Let’s face it. Those of us who enjoy drinking adult beverages do so for the great flavor, complexity, culture, science, and art that surround drinking. But we also do it for the intoxicating effects of alcohol. And there is nothing wrong with admitting that. The process of intoxication brings great pleasure to our lives. It relaxes us, helps us to make friends and socialize, gives us a warm, thoughtful feeling, excites us, gives us confidence, and as studies show, helps us to live longer. In some cultures, such as much of the US, regular drinking of adult beverages is frowned upon as being immoral. But to those of us who (responsibly) enjoy beer, wine, and spirits on a regular basis, we know that drink is one of the aspects of the life of man that brings us joy and warmth. In fact, almost all civilizations of the world have honored drinking, and even in those countries today where culture and religion forbid alcohol, their ancient counterparts loved wine and beer.
In my beloved native Louisiana, our culture is influenced by those of France, Spain, Africa, and the Caribbean — all countries whose people know how to enjoy life, and celebrate it on a regular basis. So we start drinking young. Depending on the household, children in my part of the world can start having a sip of beer here and there when they are relatively young. When I was growing up, my father insisted that I have a sip of beer or wine with dinner here and there, to acclimate me to the pleasure of drinking, without the forbidden allure of binging or alcoholism. What about in your culture? Did you grow up with parents who allowed you a sip or two, or who taught you that alcohol was wrong and evil?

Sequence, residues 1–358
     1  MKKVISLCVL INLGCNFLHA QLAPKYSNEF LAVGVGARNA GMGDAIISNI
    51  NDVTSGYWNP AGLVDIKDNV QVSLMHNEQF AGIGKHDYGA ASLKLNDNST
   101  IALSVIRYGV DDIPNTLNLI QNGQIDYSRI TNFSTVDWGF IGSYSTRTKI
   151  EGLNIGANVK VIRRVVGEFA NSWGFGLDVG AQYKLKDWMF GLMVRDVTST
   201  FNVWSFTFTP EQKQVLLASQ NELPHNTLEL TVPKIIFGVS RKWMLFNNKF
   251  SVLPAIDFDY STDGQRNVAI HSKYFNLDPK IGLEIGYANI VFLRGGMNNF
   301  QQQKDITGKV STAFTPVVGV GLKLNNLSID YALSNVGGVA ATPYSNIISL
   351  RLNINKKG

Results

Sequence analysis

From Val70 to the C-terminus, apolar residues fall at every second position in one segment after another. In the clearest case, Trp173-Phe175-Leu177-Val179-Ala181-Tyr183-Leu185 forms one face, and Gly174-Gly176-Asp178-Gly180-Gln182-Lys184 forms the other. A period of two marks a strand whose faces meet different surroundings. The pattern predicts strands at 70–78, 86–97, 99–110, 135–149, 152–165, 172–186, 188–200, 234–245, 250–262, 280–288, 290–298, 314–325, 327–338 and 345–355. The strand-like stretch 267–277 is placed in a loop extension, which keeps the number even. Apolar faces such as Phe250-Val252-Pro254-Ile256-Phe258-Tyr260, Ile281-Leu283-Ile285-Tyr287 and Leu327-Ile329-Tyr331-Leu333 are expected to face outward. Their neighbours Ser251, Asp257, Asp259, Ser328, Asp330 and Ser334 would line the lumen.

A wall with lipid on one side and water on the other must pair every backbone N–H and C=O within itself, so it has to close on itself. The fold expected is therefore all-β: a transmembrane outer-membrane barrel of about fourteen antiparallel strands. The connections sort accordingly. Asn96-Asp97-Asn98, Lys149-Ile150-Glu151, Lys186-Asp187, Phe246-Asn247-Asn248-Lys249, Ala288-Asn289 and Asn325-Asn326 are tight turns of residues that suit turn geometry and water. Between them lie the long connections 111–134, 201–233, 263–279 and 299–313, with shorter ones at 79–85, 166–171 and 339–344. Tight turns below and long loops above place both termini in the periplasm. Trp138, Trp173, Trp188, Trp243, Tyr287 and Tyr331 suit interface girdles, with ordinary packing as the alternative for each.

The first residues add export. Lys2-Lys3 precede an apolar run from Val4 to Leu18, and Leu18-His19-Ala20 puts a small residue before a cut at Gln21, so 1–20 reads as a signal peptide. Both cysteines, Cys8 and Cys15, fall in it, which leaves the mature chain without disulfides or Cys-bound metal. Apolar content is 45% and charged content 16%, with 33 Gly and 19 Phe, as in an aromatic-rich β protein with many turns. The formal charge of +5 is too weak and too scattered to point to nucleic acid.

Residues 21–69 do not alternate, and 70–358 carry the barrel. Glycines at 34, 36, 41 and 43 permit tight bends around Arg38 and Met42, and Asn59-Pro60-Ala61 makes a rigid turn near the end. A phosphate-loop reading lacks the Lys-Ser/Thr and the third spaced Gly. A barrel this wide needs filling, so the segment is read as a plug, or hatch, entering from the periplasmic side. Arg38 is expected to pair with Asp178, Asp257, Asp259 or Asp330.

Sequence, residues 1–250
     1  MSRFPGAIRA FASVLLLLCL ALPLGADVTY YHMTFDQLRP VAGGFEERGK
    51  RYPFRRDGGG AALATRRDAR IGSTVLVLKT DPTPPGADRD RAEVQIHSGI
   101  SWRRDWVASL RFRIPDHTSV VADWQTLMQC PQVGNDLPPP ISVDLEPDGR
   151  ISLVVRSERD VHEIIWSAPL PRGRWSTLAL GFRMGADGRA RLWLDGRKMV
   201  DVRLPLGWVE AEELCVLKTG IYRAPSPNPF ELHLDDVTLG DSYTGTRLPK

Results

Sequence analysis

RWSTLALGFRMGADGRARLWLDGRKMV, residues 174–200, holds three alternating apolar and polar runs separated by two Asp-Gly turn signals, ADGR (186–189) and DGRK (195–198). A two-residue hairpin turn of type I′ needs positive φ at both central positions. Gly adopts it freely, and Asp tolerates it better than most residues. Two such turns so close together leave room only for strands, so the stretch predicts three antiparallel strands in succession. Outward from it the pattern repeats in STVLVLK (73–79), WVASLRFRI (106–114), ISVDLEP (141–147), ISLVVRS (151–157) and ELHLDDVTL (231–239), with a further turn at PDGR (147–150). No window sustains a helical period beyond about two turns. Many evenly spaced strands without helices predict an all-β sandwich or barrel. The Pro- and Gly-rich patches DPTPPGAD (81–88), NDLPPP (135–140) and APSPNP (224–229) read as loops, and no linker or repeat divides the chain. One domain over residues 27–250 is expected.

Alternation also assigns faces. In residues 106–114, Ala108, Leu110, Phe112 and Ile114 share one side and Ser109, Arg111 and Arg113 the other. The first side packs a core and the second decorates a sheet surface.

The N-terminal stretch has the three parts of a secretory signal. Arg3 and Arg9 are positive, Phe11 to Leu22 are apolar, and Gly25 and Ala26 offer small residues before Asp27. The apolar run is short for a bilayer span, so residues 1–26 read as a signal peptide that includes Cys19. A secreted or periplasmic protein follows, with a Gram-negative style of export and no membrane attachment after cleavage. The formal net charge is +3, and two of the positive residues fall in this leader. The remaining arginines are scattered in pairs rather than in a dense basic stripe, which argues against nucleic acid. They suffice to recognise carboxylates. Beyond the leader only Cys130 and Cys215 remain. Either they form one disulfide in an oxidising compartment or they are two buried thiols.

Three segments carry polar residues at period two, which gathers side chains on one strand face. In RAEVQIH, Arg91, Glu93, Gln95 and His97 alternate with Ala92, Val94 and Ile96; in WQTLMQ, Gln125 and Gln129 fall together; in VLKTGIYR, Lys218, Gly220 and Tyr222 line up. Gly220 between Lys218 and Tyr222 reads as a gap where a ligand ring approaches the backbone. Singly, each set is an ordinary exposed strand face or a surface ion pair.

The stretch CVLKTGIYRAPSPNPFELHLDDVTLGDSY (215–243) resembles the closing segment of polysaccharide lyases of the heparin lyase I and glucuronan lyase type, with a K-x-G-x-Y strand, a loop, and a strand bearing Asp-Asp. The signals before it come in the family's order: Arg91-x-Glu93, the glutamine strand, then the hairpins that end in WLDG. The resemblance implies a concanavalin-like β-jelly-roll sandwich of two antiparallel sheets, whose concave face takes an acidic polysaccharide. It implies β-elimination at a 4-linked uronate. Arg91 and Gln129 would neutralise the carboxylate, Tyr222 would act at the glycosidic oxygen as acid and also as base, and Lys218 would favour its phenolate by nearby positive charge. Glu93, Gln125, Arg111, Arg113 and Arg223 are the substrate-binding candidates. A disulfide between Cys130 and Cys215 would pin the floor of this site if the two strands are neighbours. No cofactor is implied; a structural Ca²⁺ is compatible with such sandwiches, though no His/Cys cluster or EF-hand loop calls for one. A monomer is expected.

Can you remember the first time you got drunk? I certainly can. My experience was a very good one. Maybe yours was unpleasant, in which case I can sympathize. Over the years, I have had my fair share of bad alcohol experiences. But I can honestly say that my first time was a great experience.
Paris. 1986. I was but a young lad. My parents and I were on a vacation to the City of Light. At that age, I was just beginning to show interest in girls. Alright, I was crazy about them. So imagine a blossoming adolescent in Paris, constrained to being with his parents. In fairness, the trip was exciting enough so that I did not mind hanging around mom and dad. My father decided to take us to dinner one night at a lovely little restaurant that had an outdoor garden. This was no tourist restaurant — it was hidden and very local. Fortunately, I could speak French, so my father’s well-intentioned, but pitiful, attempts at ordering were saved by my piping in.
At that meal, my father decided that it was time that I could drink with the adults. The restaurant was offering champagne and orange juice (a mimosa) as an apéritif, so we ordered three. With dinner, my father ordered a bottle of Bordeaux — a very nice bottle of Bordeaux. As we dined on fabulous, classic French cuisine, we drank that bottle of wine between the three of us, and my father ordered another. After dinner, with dessert, my father ordered three glasses of Sauterne. I had been drinking with the meal, and I felt just fine. But when I had to go to the bathroom, I stood up.
The world began to spin, not in that sick, alcoholic way, but in that delightful, happy way. I felt simply exuberant and joyful, as if the world was open to me. I felt bold, confident, intellectual, and mighty. It was the best feeling in the universe. Later that night I would go to a disco with my cousin, who happened to be in Paris at the time. I would drink entirely too much trying to woo a lovely young girl from Warsaw, and I would stumble back to the hotel, sick, only to be scolded by my father. But it was worth it. That first experience of the joy of wine will always remain in my mind as a beautiful, enlightening experience, a rite of youth, so to speak. How was your first time to get drunk? Leave a comment and let us know.